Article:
Master Thesis      [Total: 109 ]

studies o using spirulina for fingerlings Nile tilapia diets

Ayman Hussien Abo elward, 2016


The experiments were conducted in Fish Research Center - Suez Canal University: The present study was designed to evaluate the use of spirulina (Spirulina platens is) as a replacement of protein with different levels from protein diet for fingerlings Nile tilapia (Oreochromis niloticus). Spirulina was incorporated into tive isonitrogenous and isocaloric diets
At 0, 5, 10, 15 and 20% of the protein - based diet. The test diets were fed to the fishat satiation twice a day for 56 days. The final weight gain, specific growth rate, feed conversion ratio, feed efficiency, feed intake, protein efficiency ratio and survival rate of fish significantly (p<0.05) higher for group of fish replaced with 20% Spirulina platensis (T5) and decreased gradually at T4 ,T3,T2 and Tl respectively. There was a significant difference in protein and lipid in carcass proximate composition of the fish fed on 20% spirulina diets as compared to those on the rest of experimental groups. These results suggest an improvement of fish health when fed with feed replacement, Moreover, fish fed with diets containing different spirulina levels exhibited higher total protein serum Creatinine, Urea, Albumin, Globulin, Triglycerides, HDL-C values. On contrary, significantly decreased Albumin Iglobulin Ratio, LDL-C, AL T and AST values compared with control as increased of Spirulina levels. The highest values were obtained at T5 diet.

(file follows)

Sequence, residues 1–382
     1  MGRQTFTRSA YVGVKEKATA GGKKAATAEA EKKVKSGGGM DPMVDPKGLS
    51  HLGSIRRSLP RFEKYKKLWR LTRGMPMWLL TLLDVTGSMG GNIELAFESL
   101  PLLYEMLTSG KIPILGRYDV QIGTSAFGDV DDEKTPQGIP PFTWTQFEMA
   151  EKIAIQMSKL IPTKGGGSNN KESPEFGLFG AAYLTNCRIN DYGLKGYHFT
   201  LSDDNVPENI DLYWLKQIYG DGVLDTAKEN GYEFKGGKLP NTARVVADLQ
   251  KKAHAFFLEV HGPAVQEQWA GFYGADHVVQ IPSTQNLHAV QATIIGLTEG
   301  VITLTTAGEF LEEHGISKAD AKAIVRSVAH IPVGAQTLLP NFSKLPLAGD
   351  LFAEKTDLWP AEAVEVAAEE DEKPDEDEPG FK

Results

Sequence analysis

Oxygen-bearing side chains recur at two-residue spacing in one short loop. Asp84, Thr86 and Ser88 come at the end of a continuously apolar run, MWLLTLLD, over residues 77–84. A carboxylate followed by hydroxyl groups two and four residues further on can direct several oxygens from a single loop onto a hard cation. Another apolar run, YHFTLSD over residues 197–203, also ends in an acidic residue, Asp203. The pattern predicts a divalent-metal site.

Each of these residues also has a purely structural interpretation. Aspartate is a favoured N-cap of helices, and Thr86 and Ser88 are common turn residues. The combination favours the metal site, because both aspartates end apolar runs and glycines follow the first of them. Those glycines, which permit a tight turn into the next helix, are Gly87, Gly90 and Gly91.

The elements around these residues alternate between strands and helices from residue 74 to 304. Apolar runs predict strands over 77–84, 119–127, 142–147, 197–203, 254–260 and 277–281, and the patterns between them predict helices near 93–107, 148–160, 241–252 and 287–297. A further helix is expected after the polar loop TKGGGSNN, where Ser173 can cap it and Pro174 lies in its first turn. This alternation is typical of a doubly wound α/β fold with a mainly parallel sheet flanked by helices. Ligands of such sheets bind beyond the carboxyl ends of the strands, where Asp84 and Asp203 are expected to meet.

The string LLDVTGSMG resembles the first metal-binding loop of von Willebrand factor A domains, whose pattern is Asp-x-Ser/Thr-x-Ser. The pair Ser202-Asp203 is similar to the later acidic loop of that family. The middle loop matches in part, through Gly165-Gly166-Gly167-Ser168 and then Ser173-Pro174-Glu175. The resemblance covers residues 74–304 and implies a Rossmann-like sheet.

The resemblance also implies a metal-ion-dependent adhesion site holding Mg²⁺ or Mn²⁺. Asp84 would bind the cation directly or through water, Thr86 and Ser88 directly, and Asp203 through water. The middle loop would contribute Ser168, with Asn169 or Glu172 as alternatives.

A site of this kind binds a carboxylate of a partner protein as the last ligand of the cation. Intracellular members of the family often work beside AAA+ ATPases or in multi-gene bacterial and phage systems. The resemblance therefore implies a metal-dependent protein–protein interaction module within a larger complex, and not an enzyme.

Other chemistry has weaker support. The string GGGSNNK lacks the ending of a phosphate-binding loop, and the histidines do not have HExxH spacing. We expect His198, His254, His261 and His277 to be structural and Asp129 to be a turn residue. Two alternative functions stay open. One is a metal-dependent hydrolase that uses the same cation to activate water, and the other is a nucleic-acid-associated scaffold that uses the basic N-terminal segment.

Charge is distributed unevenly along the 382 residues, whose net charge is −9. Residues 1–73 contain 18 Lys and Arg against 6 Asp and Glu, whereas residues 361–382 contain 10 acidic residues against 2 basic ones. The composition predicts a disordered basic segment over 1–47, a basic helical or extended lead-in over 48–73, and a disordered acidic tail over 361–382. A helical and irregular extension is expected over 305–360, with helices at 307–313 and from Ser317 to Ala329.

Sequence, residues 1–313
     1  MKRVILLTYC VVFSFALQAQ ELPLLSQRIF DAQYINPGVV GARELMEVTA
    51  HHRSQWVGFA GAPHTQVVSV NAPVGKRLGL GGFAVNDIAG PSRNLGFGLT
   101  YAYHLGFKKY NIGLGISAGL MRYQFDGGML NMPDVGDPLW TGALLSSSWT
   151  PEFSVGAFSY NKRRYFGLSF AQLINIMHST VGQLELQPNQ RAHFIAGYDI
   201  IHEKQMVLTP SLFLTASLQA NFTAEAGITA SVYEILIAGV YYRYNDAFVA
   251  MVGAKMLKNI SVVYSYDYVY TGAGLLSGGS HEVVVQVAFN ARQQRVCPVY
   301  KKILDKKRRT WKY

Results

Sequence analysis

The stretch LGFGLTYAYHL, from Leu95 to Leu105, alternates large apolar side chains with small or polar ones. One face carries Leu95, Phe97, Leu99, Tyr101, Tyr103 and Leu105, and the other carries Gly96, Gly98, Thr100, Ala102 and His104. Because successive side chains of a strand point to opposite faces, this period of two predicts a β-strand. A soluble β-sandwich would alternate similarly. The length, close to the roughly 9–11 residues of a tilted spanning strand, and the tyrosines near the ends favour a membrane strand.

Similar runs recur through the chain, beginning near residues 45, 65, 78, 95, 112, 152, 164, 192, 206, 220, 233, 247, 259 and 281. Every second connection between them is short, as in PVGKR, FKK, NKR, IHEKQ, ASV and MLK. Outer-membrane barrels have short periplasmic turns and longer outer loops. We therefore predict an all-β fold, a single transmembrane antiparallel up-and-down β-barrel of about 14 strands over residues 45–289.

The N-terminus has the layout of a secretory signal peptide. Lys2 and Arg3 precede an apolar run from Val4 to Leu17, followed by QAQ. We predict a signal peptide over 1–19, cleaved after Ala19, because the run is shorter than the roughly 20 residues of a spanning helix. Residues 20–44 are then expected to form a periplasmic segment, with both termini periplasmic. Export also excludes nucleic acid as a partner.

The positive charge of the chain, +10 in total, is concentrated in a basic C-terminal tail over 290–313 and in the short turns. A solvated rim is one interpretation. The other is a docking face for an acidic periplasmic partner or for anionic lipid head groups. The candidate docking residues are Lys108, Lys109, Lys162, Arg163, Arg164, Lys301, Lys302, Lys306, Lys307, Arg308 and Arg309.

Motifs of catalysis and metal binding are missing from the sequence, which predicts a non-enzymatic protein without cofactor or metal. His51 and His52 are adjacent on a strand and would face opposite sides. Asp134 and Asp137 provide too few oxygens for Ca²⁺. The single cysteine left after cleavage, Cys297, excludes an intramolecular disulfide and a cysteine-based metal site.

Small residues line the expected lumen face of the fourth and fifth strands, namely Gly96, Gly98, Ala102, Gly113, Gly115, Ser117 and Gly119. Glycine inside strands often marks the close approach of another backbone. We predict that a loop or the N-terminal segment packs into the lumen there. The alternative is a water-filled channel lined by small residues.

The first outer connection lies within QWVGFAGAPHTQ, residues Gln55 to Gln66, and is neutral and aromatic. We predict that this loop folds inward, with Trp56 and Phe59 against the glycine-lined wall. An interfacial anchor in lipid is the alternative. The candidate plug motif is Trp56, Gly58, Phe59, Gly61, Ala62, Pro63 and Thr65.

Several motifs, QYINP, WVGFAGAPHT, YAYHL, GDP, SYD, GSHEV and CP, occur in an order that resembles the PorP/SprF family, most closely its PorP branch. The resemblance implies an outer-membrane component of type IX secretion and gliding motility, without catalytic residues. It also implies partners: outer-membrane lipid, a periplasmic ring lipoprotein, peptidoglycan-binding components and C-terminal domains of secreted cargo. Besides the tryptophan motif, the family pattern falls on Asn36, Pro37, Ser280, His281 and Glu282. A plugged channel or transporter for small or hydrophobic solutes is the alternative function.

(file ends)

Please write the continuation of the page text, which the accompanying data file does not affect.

This study demonstrates that up to 20% of spirulina replacement from soybean protein was most effective in stimulating fish growth and more economic for Nile tilapia (Oreochromis niloticus) fingerlings under this experimental condition.
Key Words Spirulina platensis, replacement, Nile Tilapia fingerlings, growth performance, feed utilization, carcass composition.

Genetic Studies on Growth Hormone as A Physiologgical Indicator in Rabbits

Sara AbdEl-Ghany, 2015


The aim of the present study was to evaluate the effects of GH gene polymorphisms on reproduction and growth traits and identify its variability in the rabbits.
A total of 218 blood samples collected from rabbits were used to evaluate the allele frequency distribution for GH gene polymorphisms and its association with reproductive and growth traits in rabbits. The samples included 16 rabbits of the different breeds (Middle-Egypt native breed, Gabali Sinai, Baladi Black, Baladi Red and New Zealand White) and 202 rabbits (118 female and 84 male) from APRI rabbits. The traits tested were: (1) body weight (BW) at 5, 6, 8,10 and 12 weeks from birth, (2) daily bodyweight gain (DBG), (3) reproductive traits included age at puberty (AP), Kindling interval (KI), litter size at birth (LS), litter weight (LW) at birth, Litter size at weaning (LSW) and litter weaning (LWW), (4) milk yield. For this purpose, DNA was extracted from rabbit blood samples and used in PCR amplification. The c.-78C >T SNP was genotyped by PCR-RFLP using the digestion by restriction enzyme Bsh1236I (BstUI).